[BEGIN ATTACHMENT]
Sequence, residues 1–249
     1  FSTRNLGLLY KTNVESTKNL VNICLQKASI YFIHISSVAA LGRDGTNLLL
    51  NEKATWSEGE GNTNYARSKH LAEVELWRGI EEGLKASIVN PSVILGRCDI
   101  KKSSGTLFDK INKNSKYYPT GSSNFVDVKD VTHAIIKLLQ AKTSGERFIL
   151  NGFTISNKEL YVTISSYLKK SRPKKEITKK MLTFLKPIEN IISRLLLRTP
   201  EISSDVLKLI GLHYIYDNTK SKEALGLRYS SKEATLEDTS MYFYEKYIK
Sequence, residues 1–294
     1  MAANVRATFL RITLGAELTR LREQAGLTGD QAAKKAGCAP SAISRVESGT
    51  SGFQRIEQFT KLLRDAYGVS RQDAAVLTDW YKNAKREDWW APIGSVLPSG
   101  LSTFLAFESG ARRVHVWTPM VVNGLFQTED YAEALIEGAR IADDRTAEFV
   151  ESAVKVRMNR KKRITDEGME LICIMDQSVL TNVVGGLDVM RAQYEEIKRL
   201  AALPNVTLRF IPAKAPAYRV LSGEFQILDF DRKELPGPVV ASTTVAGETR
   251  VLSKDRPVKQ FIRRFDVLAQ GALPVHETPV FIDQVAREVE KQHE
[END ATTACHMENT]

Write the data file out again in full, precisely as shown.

Sequence, residues 1–249
     1  FSTRNLGLLY KTNVESTKNL VNICLQKASI YFIHISSVAA LGRDGTNLLL
    51  NEKATWSEGE GNTNYARSKH LAEVELWRGI EEGLKASIVN PSVILGRCDI
   101  KKSSGTLFDK INKNSKYYPT GSSNFVDVKD VTHAIIKLLQ AKTSGERFIL
   151  NGFTISNKEL YVTISSYLKK SRPKKEITKK MLTFLKPIEN IISRLLLRTP
   201  EISSDVLKLI GLHYIYDNTK SKEALGLRYS SKEATLEDTS MYFYEKYIK
Sequence, residues 1–294
     1  MAANVRATFL RITLGAELTR LREQAGLTGD QAAKKAGCAP SAISRVESGT
    51  SGFQRIEQFT KLLRDAYGVS RQDAAVLTDW YKNAKREDWW APIGSVLPSG
   101  LSTFLAFESG ARRVHVWTPM VVNGLFQTED YAEALIEGAR IADDRTAEFV
   151  ESAVKVRMNR KKRITDEGME LICIMDQSVL TNVVGGLDVM RAQYEEIKRL
   201  AALPNVTLRF IPAKAPAYRV LSGEFQILDF DRKELPGPVV ASTTVAGETR
   251  VLSKDRPVKQ FIRRFDVLAQ GALPVHETPV FIDQVAREVE KQHE